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Entries in Strategist (2)

Tuesday
Oct262010

GOP Strategist: Credit Hillary Clinton, Sarah Palin with Surge Among GOP Women

Photo Courtesy - U.S. State Department | Getty Images(WASHINGTON) -- With the Tea Party movement headlined by a group of female candidates who have risen to national prominence this election cycle, an odd coupling of 2008 candidates may be the reason why, Republican strategist Nicolle Wallace told ABC News Tuesday.

“I think you've got to give Hillary Clinton and Sarah Palin some of the credit,” said Wallace, who worked for Palin in her vice presidential run and served as communications director in the George W. Bush White House.

“I think despite their unsuccessful outcomes of their candidacies in 2008, they got a whole lot of attention,” said Wallace. “I think that it's encouraging that, despite the fact that a double standard was applied to both women in different ways and at different times, women are still undeterred and they're stepping into the arena in greater numbers.”

Wallace is the author of a new novel, Eighteen Acres, that focuses on the re-election campaign of the first female president.

In the wake of 2008, Wallace has clashed publicly with both Palin and adherents of the Tea Party movement. She explores similar themes in her novel.

“The Tea Party movement is as much about holding Washington...in such low regard that they no longer feel it's important to have experience in politics to do a good job in Washington. They kind of look at Christine O'Donnell and Sharron Angle and say, 'What are they going to do? Screw it up?' ”

The Tea Party, Wallace said, “is the most simple explanation for the enthusiasm gap,” and Republicans should be thankful for that energy. It's real impact, however, may not be felt until the 2012 race for the Republican presidential nomination kicks off in earnest.

Asked what the future first female president is doing now, Wallace quipped, “I mean, I think she's out there. I don't think she knows she's the first female president but I think these things -- look, who would've thought...I think our cycles are so accelerated that it's not a matter of generations that have to pass....”

“I absolutely think she's out there,” Wallace added. “In all our lifetimes, I think we'll see a couple. The greater fantasy of Eighteen Acres is probably that she's a moderate. You know I think we're probably much further away from electing a moderate to national office.”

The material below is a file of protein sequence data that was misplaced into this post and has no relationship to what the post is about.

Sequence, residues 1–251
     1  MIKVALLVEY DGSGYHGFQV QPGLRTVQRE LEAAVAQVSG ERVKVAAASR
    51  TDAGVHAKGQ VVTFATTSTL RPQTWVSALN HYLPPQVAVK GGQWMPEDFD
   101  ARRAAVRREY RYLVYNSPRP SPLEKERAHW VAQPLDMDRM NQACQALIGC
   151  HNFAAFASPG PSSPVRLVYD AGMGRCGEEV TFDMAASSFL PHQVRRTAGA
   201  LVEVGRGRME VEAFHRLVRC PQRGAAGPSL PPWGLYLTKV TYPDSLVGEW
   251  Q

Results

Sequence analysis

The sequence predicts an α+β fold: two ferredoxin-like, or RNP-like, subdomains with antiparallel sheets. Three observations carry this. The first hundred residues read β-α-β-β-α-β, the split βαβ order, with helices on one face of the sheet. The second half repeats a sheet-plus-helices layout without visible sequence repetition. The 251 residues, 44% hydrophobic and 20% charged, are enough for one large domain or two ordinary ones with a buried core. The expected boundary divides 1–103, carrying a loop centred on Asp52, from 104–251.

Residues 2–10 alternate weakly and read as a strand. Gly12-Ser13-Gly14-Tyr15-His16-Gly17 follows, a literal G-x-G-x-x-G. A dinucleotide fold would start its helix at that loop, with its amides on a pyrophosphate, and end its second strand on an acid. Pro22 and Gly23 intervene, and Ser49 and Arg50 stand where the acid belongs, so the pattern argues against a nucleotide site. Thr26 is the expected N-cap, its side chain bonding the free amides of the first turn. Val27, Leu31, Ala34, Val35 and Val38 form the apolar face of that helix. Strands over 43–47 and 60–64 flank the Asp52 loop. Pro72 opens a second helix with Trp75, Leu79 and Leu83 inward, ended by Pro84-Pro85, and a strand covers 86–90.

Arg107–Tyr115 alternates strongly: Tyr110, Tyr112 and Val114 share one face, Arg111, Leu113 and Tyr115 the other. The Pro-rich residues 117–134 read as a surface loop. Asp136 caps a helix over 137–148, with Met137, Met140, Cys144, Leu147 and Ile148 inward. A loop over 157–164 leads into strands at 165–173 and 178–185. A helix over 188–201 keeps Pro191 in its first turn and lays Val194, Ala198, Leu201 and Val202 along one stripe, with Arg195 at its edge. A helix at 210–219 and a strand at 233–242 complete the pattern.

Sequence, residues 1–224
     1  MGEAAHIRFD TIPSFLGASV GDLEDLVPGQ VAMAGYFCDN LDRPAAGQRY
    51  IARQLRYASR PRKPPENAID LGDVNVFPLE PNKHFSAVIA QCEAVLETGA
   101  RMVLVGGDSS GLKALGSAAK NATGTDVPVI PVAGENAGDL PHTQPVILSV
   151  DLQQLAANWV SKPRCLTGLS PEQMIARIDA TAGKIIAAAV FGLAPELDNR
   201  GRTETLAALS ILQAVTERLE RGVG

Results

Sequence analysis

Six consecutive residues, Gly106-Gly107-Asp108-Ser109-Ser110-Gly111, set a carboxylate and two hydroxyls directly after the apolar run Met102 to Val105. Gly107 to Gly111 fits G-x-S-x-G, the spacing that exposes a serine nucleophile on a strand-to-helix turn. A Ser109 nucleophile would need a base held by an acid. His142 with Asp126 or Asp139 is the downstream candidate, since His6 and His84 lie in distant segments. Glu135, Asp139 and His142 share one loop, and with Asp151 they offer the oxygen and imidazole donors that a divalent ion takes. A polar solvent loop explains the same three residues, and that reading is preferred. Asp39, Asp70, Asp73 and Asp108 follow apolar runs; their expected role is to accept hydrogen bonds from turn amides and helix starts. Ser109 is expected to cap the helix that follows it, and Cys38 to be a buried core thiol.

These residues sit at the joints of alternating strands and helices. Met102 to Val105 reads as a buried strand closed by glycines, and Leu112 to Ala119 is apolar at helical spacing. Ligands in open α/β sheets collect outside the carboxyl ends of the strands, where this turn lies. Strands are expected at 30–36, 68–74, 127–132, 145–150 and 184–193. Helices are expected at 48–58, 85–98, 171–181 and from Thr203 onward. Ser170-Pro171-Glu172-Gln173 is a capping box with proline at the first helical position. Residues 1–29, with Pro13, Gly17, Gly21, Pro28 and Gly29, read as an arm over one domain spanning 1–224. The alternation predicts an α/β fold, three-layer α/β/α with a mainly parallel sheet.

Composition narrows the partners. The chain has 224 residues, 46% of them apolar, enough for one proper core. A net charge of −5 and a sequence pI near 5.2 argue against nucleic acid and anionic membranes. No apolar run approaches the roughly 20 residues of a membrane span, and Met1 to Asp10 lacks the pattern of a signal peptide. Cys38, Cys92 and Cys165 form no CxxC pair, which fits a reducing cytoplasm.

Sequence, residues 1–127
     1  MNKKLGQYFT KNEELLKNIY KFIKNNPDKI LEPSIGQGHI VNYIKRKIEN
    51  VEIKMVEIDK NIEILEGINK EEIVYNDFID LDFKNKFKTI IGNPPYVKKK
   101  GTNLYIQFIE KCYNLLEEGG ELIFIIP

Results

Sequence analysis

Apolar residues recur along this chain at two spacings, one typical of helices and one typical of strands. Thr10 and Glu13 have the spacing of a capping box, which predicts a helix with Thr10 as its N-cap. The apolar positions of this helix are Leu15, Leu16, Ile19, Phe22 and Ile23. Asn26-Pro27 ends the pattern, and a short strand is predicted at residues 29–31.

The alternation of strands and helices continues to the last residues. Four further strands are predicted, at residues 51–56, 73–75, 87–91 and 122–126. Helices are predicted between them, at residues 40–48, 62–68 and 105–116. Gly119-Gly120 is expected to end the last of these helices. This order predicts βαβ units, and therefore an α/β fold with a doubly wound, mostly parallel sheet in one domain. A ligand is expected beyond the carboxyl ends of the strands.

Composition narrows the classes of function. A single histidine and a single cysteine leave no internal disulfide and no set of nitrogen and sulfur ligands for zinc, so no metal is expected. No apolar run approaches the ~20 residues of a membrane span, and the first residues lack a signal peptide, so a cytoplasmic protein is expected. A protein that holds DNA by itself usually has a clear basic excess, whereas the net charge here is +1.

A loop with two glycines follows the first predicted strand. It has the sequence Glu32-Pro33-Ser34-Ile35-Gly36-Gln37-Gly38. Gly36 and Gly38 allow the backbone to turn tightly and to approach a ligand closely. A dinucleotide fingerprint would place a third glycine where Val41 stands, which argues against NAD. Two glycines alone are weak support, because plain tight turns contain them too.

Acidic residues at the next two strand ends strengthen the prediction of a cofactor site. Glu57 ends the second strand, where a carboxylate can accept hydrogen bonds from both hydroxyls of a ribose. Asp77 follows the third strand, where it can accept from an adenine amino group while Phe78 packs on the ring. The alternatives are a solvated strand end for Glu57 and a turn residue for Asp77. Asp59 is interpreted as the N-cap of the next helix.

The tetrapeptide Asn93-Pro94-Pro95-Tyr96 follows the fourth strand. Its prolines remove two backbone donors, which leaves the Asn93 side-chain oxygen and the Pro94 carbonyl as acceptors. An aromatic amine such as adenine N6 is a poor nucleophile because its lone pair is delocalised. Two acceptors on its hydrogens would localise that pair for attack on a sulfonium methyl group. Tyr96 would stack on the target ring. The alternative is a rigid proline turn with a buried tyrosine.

“And you know, she ends up running on a unity ticket. That's something that certainly captured a lot of our imaginations on the McCain campaign. I think we're probably further away, I think because of Obama, because of the hardening of our politics over the past few years. I think those are some of the things that are more farcical and fictional than a woman president.”

Copyright 2010 ABC News Radio

Friday
Oct152010

Republican Strategist Predicts 60-Seat Loss for Dems

Photo Courtesy - Getty Images(WASHINGTON) -- Despite a new NPR Battleground poll released Friday that showed some new hope for Democratic House candidates, Republican strategist Steve Lombardo said he is as bullish as ever about the GOP’s prospects in November.

“I still think we're looking at a 60 seat loss -- net loss -- for Democrats,” Lombardo told ABC News Friday.  “The way we look at it right now is this is at least as bad as it was in 1994.  My guess is it's worse.”

According to the NPR survey, in 58 of the most competitive House districts, Democrats are gaining on their GOP opponents, narrowing the gap with them to three points.  At the same time, more independents appear to be breaking for the Democrats.  However, Lombardo cautioned that it's unclear whether independents will actually show up at the polls on Election Day.

“Even some of those independents are not going to be voting as much as they should,” he said.  “The likely voter enthusiasm gap is still with Republicans by a significant margin.”

Lombardo, who runs a consulting firm based in Washington, also predicted that the attacks by top Democrats on outside groups, which are fueled by anonymous donors and spending heavily this year to aid conservative candidates and causes, would prove ineffective.  He said that Democrats were “grasping about ... blindly,” for an issue that would energize their base.

“Every campaign that is sort of losing the narrative, if you will, of the election, starts to venture into a lot of different things that aren't important or resonate with voters,” Lombardo said.  “To be honest with you, McCain had the same problem in 2008.”

Although he forecast big gains for Democrats in the House, Lombardo acknowledged that it was unlikely Republicans could take back the Senate.  Still, he left open the possibility that some wild cards could push the GOP over the edge.

“We don’t know just how big this anti-incumbent, anti-Democratic policy, Tea Party movement, if you will, is,” he said.  “We've only see it play out in primaries so far.  We don't know what will happen in a general.”

Copyright 2010 ABC News Radio







ABC News Radio